23 February 2017

Leaders address Indigenous mental health issues and increasing suicide statistics

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Leaders from Aboriginal and Torres Strait Islander communities and health professionals from around the country gathered to discuss strategies to improve the mental health outcomes of Indigenous Australians.

As mental health issues among Australia’s Aboriginal and Torres Strait Islander communities keep worsening and with the suicide toll increasing, the need for discussion is crucial.

Kevin Cox, one of the founding members and first CEO of the Kimberley Aboriginal Medical Health Service, opened Akolade’s National Indigenous Mental Health and Wellbeing Forum in Perth on February 13.

Kimberley in the WA is one of the most affected regions, with suicide statistics being the worst in the world. The issue is especially pressing among the Aboriginal and Torres Strait Islander youth.

Despite that the Indigenous population only makes up around three per cent of Australia’s population, 80 per cent of Australia's suicides of children aged 12 years and less are of Aboriginal and Torres Strait Islander children.

David Cole, founder of Balunu Foundation in Darwin works tirelessly with at-risk youth in Darwin. He works on increasing the self-esteem, confidence and emotional and spiritual wellbeing of indigenous youth so that they can become strong, balanced individuals.

The foundation has long struggled for funding as the government cut its ongoing funding to support the organisation a few years ago.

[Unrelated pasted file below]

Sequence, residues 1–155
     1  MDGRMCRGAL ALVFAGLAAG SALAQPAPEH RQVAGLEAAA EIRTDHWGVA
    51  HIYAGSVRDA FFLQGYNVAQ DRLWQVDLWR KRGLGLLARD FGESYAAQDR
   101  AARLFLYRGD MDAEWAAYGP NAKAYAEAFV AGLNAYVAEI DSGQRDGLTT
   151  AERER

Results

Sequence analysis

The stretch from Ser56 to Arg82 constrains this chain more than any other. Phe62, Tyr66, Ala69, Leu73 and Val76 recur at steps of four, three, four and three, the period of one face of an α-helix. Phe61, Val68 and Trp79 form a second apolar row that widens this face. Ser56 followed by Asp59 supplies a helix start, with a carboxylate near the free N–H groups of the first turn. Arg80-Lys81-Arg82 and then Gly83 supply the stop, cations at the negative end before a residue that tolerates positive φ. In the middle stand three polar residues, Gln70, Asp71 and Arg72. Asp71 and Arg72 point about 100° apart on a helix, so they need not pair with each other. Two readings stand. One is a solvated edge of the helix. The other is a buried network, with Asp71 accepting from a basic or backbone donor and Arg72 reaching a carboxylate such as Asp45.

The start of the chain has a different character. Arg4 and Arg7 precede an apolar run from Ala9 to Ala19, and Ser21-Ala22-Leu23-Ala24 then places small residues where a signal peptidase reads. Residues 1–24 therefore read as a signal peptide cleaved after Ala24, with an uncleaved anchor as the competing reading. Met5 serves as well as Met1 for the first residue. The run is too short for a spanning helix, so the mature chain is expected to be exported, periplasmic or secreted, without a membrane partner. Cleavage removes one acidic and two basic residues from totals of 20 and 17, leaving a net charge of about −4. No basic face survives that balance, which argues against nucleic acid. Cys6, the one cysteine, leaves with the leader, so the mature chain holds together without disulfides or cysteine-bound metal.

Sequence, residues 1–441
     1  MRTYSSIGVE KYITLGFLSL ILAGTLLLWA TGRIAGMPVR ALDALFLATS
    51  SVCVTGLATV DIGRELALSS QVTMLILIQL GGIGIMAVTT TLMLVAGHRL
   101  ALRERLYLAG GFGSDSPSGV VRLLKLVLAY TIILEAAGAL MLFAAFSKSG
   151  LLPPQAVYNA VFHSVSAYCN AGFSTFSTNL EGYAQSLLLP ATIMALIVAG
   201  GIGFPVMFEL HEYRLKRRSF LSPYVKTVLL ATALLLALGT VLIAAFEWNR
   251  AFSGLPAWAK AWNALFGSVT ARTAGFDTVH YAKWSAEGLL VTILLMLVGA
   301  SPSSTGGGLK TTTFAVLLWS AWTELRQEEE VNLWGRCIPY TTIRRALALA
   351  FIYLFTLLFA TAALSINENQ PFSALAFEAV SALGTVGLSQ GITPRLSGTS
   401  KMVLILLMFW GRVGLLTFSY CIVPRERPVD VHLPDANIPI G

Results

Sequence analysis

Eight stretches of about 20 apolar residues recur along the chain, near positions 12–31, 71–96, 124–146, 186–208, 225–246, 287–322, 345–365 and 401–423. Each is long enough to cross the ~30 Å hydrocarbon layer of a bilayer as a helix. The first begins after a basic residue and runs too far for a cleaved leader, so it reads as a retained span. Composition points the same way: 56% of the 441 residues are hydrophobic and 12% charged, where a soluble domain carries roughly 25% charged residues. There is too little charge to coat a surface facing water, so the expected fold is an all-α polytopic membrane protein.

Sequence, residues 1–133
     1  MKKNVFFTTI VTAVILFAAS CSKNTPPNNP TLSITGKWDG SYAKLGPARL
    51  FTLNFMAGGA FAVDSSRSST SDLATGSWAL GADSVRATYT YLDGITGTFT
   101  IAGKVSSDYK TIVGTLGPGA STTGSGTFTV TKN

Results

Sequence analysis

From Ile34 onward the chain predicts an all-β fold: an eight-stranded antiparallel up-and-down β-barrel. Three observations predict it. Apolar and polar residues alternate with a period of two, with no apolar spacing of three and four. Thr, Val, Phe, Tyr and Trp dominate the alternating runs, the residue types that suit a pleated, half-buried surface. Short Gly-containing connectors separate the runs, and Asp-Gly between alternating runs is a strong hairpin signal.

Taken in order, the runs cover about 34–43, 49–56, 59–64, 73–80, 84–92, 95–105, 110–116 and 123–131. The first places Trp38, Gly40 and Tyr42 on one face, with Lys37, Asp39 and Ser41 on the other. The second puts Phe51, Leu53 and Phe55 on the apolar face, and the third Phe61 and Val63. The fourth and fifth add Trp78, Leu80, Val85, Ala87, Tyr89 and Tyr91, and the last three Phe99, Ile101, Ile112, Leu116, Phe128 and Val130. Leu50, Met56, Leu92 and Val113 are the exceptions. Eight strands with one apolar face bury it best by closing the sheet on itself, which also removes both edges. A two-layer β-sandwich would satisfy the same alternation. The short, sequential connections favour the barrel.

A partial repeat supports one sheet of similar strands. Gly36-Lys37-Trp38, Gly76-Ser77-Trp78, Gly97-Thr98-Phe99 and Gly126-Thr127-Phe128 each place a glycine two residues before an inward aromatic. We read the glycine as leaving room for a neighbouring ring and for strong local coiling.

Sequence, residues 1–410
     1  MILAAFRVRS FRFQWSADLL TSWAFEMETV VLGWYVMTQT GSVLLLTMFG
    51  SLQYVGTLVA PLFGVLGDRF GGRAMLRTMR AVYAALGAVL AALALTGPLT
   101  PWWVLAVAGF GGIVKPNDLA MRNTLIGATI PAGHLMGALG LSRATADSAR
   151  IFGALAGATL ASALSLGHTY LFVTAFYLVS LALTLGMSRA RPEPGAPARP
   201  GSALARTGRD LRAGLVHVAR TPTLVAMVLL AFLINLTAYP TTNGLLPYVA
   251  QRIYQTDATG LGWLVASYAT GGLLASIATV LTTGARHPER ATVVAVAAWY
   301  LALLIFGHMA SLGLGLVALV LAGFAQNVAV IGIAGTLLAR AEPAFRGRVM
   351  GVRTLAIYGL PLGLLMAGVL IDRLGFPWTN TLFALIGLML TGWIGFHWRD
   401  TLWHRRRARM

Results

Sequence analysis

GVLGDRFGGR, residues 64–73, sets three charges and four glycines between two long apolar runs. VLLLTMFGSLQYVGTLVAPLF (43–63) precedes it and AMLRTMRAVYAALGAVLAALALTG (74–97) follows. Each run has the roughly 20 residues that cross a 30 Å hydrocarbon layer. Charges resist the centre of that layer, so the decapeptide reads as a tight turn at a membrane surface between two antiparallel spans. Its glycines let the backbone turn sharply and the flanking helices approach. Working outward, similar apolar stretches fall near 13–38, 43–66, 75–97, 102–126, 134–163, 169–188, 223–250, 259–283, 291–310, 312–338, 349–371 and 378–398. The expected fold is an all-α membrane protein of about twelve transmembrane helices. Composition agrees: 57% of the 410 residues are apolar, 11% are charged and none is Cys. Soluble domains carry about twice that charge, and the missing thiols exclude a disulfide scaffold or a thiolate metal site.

But the future of Balunu is looking hopeful, following the federal government’s announcement of a $10 million investment over three years to roll out a national indigenous suicide prevention plan.

The NT government has also announced that it will dedicate millions of dollars more on youth diversion programs.
Dameyon Bonson, founder of Black Rainbow, spoke at the conference on the need to address suicides and mental health issues among Indigenous LGBTQI people.

"As an Aboriginal gay male myself, I noticed that in a lot of the health promotion materials that there wasn’t anything that spoke positively to Aboriginal LGBTQI people," he told SBS.

He told the audience of a 13-year-old gay boy, who took his life last November after having been bullied and physically attacked.

There is currently no data on the statistics of LGBTQI Indigenous suicides, but it believed higher than the rate of Indigenous suicide, which in turn is higher than Australia's total rates.

"There are 50,000 Aboriginal and Torres Strait Islander people who identify as LGBTQI and a lot of them are under the age of 25," he told SBS. "We need to do better."

Despite the raw and emotional nature of the conference, many left the room feeling empowered with further knowledge and strategies and new connections.

Written by: Mimmie Wilhelmson

Mimmie grew up in Sweden and first came to Australia as a backpacker after high school. After travelling around the country for two years she returned to Europe and pursued a Bachelor’s degree in Journalism in London. But the longing for Australia and the sun became too strong. After having worked for some time in the media industry, Mimmie decided to make a change and swap the news for conferences. She now gets to do what she loves the most, meeting new people and keep learning about cultures and issues while producing conferences on current topics.

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